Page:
I had an outward bound weekend when young at Lake Bala.
    Thank you as always to blogger and setter.
  23. Absolutely no idea what was going on with SCHUBERT — understood neither part of the cryptic — pencilled in from the last two checkers.

    The other I bit my lip over was BRAND — obscure Ibsen work presumably.

    The rest was pretty comfortable.

  24. How does UNDER mean supported by? Being supported by would mean OVER, wouldn’t it?
    1. I thought there’d be an easy explanation for this, but I admit I’m struggling to come up with it. Perhaps someone else can oblige?
      1. I read it as ‘under the wing’ or ‘under the aegis’ of, which seemed fine at the time but now I’m far from sure it works.
        1. Yes, I was along similar lines whilst solving, but having been challenged by Anon it didn’t stand up to closer examination.
      2. I read it as under = supporting (as in an underpinning), then new phrase family = kin. If it had been an across clue that would still work, but wouldn’t have caused confusion.
  25. 21’26” but when faced with a Welsh lake -A-A , I plumped for the Royal Aircraft Establishment in Farnborough as the research facility, giving EARA as a plausible Welsh lake.
    (I would not choose British geography as my special subject in Mastermind). The simpler ‘lab’ alternative didn’t come to mind until the pink squares appeared.
  26. What is the problem with ‘stalk’ and ‘stork’? To me they are exact homophones.
  27. Definitely on the easier side but an enjoyable solve nevertheless. Schubert was COD for me and I had no problem with Stork. Is there still a margarine of that name?

    Thanks to Jackkt and setter.

  28. Lots of birdlife in our garden during lockdown but nary a bulbul in sight, so that wasn’t in my lexicon. Once I’d recovered the Ibsen from the lumber-room of my memory, it was pretty guessable, at least. This came after I went down a blind alley of nostalgia remembering the early days of the internet, when the tech company Tucows was a name you saw everywhere.

    Because of the holiday season, I am convinced it’s still Monday, and this puzzle, while pleasant, obviously did little to dissuade me from that.

  29. There are quite a few bulbul species in Africa and Asia. In South Africa, they tend to have a conspicuous yellow patch. I won’t tell you where the patch is, but the Afrikaans nickname for the bird is ‘bottergat’, anglicised as ‘butterbum’.
  30. FOI slap happy. The top half went in remarkably quickly, then the SE except for bulbul and brand, then the SW. I’d had cuckoo earlier but red squares forced a rethink. Bulbul took a long time coming, and brand was a complete biff as nho. Very pleased to finish a 15 x 15 relatively quickly — the timer said 53 mins odd, but solving was interrupted by a Tesco delivery and lunch. Both of these might actually have been helpful as I may have been processing meanwhile. If I had stared at the grid for 53 mins perhaps I would still be staring. LO’sI then, bulbul and brand. COD — all of them, I enjoyed the lot. Thanks, Jack, for the blog, and setter for the entertainment. GW.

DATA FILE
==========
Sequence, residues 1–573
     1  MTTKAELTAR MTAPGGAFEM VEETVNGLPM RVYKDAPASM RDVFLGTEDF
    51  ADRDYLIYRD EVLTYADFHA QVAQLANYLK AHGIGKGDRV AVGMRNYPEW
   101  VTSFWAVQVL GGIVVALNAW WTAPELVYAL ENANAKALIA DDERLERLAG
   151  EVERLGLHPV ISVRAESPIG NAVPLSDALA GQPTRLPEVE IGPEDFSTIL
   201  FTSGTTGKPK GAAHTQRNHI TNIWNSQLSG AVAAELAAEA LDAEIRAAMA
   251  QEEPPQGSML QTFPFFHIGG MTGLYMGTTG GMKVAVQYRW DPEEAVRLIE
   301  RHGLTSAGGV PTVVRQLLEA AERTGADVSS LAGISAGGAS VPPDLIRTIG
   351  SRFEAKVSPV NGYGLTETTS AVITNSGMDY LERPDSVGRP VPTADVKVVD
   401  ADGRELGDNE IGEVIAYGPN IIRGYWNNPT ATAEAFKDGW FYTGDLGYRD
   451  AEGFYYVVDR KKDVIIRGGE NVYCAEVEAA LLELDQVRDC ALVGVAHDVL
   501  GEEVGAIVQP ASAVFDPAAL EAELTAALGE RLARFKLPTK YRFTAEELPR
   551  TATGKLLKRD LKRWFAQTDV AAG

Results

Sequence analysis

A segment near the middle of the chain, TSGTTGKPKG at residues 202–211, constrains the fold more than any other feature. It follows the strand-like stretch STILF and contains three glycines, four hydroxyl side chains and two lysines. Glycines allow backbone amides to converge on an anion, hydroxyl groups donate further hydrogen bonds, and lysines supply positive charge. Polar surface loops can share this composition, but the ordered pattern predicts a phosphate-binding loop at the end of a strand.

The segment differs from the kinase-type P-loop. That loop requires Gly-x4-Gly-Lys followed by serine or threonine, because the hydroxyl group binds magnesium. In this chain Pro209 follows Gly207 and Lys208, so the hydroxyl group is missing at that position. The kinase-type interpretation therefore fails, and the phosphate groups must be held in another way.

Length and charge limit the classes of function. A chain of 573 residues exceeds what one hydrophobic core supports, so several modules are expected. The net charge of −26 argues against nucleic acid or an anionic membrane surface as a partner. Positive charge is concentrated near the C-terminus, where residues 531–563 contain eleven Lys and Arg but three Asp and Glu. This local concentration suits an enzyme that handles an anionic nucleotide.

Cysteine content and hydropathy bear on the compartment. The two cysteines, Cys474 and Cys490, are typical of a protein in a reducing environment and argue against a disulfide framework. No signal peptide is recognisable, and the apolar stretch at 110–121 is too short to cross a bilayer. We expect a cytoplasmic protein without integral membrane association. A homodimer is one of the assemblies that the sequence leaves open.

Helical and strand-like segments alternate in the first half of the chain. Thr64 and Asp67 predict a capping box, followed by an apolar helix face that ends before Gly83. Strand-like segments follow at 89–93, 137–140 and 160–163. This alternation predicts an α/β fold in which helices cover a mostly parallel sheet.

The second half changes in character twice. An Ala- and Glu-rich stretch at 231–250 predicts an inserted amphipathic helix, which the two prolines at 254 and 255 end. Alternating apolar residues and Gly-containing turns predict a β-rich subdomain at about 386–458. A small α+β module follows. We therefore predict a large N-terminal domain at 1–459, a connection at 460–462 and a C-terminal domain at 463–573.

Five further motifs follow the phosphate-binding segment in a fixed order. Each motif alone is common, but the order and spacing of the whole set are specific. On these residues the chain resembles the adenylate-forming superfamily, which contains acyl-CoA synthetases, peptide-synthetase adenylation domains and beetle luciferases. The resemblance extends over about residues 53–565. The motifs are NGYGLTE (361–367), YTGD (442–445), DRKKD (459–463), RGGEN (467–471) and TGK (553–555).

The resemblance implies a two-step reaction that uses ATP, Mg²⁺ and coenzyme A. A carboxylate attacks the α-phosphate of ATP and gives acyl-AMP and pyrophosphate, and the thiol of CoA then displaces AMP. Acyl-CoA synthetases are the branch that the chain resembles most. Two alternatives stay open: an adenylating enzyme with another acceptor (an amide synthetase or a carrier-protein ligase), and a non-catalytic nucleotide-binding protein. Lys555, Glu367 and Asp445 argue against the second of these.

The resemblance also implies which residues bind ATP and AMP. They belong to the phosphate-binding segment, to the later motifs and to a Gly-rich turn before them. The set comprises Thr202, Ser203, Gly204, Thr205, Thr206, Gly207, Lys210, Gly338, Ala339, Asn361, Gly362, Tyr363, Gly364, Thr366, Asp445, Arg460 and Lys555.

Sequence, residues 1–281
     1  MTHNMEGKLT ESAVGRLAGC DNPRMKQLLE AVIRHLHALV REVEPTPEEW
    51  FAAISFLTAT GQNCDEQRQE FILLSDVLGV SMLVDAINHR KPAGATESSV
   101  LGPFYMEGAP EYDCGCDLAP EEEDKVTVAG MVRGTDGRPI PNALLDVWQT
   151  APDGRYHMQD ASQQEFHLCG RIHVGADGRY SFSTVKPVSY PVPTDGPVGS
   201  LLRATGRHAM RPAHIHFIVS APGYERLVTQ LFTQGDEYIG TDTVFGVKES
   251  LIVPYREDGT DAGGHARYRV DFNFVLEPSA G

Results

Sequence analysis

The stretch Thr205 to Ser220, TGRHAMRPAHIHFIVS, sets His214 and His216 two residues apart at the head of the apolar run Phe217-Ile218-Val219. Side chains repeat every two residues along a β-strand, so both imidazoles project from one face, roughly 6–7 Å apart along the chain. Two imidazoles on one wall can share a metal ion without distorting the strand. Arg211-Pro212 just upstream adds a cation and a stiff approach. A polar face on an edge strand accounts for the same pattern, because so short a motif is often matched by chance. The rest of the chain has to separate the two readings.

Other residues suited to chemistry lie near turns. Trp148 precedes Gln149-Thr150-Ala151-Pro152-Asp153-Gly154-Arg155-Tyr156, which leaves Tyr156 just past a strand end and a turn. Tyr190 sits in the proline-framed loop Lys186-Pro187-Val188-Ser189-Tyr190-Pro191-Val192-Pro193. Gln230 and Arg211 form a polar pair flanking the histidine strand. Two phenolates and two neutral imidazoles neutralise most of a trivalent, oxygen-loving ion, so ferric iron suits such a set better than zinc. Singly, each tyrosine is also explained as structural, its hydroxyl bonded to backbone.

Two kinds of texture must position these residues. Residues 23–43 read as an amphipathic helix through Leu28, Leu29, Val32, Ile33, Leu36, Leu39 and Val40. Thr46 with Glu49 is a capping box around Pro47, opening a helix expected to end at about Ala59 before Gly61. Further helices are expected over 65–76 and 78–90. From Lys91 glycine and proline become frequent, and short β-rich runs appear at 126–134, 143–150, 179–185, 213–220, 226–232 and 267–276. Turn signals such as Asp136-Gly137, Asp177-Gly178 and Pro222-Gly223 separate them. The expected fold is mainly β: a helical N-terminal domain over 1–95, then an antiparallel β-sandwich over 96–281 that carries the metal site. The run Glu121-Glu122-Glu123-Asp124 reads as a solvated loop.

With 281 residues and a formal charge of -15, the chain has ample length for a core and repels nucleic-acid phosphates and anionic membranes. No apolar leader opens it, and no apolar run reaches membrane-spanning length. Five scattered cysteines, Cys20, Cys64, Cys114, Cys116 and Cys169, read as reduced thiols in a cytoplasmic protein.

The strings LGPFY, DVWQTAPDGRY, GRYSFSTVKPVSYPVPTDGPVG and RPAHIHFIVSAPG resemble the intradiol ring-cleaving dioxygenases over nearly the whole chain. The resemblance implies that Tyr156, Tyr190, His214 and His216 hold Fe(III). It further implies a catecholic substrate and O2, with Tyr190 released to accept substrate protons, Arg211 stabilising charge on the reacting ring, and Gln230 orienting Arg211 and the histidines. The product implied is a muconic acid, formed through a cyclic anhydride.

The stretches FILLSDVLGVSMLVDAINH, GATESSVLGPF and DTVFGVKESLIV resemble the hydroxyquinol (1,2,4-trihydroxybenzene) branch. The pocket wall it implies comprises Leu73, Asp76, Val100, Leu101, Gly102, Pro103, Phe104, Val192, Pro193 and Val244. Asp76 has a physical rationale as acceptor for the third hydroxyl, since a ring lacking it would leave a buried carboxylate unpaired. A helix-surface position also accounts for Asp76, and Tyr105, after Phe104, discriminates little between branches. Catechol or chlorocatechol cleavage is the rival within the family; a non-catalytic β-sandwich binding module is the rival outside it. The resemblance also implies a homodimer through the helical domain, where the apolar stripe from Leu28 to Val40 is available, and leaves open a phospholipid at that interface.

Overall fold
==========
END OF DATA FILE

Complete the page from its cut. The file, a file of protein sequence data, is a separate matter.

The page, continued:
31. ….BULBUL (NHO) about 1A, where, try as I may, I cannot pronounce either word differently. But then I were born in God’s Own Country, and transferred across the Pennines at an early stage, so ‘appen owt’s possible.

    Nobody has mentioned the grid display changes, so maybe they’re peculiar to Smartphones. On the upside, I can now see the whole grid (or considerably more of it on a Jumbo), which makes checking easier, and the problems of slow response and incorrect movement have gone. On the downside, the smaller keyboard is a pig, and the “submit” button is too close to the “next clue” arrow. I was offered submit four times before I really wanted it !

    TIME 7:12

  32. Just finished it off after having to abort this morning. Nice to see local places on here BALA and SALOP both just down the road. LOI BRAND no idea about Ibsen whatsoever.
  33. It had to be, but I checked for the definitional connection before writing it in.
    Yeah, pretty easy. But 83 comments! I’ll scan them all now…
  34. Given ever-decreasing speed of letters appearing on my screen (reminder to self: update from my dinosaur system), seemed relatively speedy but then I see so many others recording PBs. Nothing exceptional and some slightly arcane wordplay references. Went to the Schools (oddly plural) in Shrewsbury so SALOP no issue, and BULBUL familiar. No prob with Stalk/Stork as I come from near the pottery town of similar sound… (or not).
  35. Reasonably quick today — just had no idea about the Ibsen poem nor the Jerusalem composer — but easy enough to biff.
    Nice to see my Dad’s school get a mention — he grew up exactly halfway between Giggleswick and Wigglesworth — in the beautiful Ribble valley.
    1. You will note from a post lower down that my Dad was a Yorkshireman — but he had the good sense to move to the correct side o’t’hills.
  36. I saw a couple of minor gripes from the old lags about anonymous posts. I’ve occasionally commented anonymously in the past, but rarely, and not today. I do drop in most days to find out by how many multiples I’ve been slower to reach the solution than some of the regulars here. Today, I’m glad to say, I have a rather satisfying (to me) 1.5 times the blogger, not a PB by any means, but better than usual. I always enjoy finding out how to parse those answers I’ve shoe-horned in and there are always some entertaining comments to read. So thanks to everyone for that. If I’ve ever anything useful to add, it will be under my new moniker, never again cloaked in anonymity.